In addition, the BBC reported on a follow up to an interview with the Greek finance minister, Yannis Stournaras, that appeared in a German newspaper. Greece had admitted Sunday that it might need an additional 10bn euros. The finance minister said today the country might not need another bailout package after all and could perhaps even go to the financial markets again for money as soon as the second half of next year. All that's needed, he said, was for his country's economy to grow next year, and the government needed to borrow only the amount needed to meet interest payments on current debts, and Greece's citizens would need to pay their taxes. What was not possible, he said, was for the country to again agree to further reductions in the amounts owed to private sector lenders. A renegotiation of the terms of the rescue loans would be necessary instead of that particular tactic. Germany, however, will likely be reluctant to agree to as their elections near.

The U.K. had a bank holiday today, but other European bourses turned lower shortly after their open. After our markets opened, their performances improved and some closed well off their lows. The DAX gained 0.22 percent, but the CAC 40 lost 0.06 percent. Others didn't fare as well. Spain's IBEX 35 lost 0.42 percent, and Italy's FTSE MIB, 2.10 percent.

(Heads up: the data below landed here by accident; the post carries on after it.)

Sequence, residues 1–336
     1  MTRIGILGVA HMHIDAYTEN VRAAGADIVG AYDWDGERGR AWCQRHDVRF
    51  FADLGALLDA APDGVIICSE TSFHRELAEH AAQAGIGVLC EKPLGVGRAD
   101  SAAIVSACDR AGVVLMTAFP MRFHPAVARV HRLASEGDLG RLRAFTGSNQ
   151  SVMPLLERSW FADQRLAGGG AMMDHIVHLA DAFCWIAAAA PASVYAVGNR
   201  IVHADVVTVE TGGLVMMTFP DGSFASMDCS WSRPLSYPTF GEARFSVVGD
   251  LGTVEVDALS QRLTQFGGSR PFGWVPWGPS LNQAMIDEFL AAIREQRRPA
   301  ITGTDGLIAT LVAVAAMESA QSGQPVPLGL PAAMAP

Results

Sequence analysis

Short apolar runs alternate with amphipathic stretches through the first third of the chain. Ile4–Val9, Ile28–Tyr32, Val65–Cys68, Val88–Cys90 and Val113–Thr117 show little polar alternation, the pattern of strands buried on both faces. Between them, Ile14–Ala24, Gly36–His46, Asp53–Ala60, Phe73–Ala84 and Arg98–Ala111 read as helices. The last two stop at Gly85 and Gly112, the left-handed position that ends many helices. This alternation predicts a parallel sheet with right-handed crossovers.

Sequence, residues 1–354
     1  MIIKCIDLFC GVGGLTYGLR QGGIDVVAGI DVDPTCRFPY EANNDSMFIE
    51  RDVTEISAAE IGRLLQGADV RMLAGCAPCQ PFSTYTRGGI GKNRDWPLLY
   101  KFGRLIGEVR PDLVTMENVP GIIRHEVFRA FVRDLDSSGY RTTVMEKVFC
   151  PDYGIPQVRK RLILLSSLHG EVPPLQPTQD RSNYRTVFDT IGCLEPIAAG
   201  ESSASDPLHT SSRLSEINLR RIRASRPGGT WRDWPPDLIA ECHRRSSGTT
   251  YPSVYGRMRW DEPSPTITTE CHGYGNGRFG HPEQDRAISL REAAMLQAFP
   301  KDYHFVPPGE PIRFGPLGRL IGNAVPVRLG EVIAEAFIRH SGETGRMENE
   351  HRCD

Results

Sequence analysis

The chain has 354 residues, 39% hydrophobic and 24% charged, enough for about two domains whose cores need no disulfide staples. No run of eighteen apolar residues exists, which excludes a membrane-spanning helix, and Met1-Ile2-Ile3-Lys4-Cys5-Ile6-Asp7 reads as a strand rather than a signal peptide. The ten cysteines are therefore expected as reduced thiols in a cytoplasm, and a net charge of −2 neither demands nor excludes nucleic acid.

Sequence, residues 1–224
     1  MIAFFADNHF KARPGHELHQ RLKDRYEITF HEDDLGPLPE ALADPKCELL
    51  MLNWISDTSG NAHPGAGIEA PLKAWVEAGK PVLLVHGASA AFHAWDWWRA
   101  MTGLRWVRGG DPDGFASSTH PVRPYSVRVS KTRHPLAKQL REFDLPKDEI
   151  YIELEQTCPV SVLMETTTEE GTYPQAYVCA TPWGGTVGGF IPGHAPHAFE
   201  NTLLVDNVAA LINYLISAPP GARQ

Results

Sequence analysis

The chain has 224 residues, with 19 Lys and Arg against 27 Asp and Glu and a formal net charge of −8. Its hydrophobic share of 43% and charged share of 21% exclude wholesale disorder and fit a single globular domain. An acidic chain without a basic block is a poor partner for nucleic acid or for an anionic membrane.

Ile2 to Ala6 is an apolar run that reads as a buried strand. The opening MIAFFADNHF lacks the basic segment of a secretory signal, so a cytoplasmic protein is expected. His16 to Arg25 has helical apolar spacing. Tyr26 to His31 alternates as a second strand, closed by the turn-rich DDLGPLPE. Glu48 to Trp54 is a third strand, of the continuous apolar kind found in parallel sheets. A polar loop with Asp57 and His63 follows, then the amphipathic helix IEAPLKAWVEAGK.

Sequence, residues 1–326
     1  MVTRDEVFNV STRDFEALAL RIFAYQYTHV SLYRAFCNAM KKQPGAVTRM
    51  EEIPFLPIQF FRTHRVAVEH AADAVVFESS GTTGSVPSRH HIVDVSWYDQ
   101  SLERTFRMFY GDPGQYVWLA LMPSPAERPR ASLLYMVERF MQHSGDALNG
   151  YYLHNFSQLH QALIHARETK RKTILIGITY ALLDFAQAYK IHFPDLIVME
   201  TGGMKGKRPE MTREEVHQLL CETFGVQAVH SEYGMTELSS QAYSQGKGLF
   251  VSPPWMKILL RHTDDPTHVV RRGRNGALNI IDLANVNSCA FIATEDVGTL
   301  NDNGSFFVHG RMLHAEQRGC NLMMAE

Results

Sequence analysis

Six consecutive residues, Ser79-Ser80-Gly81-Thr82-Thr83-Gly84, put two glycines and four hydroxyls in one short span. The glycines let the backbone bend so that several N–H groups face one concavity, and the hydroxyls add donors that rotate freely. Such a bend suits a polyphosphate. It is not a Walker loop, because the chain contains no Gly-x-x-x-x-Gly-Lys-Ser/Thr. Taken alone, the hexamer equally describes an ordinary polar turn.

Today's U.S. economic releases featured the important Durable Goods and Core Durable Goods Orders. Both delivered disappointments. Core Durable Goods Orders, those excluding transportation orders, were expected to show a 0.6 percent gain after the prior, revised-higher 0.1 percent gain. Instead, those orders dropped 0.6 percent.

The headline Durable Goods Orders, including the often big-ticket transportation items and featuring goods expected to last at least three years, was expected to drop 3.0 percent after the prior, revised-lower rise of 3.9 percent. Instead they dropped 7.3 percent. This decrease followed three consecutive monthly gains, the U.S. Census Bureau explained. Excluding defense, new orders fell 6.7 percent.

Fewer orders for aircraft, 5.3 percent fewer, and capital goods drove the number lower than forecast. Most of the transportation drop was in non-defense aircraft and parts. Aircraft and other big-ticket transportation orders are often volatile from month to month. Most of the drop in capital goods was pegged on the 3.2-percent decline in orders for computers and electronic products. Non-defense new orders for capital goods fell 15.4 percent.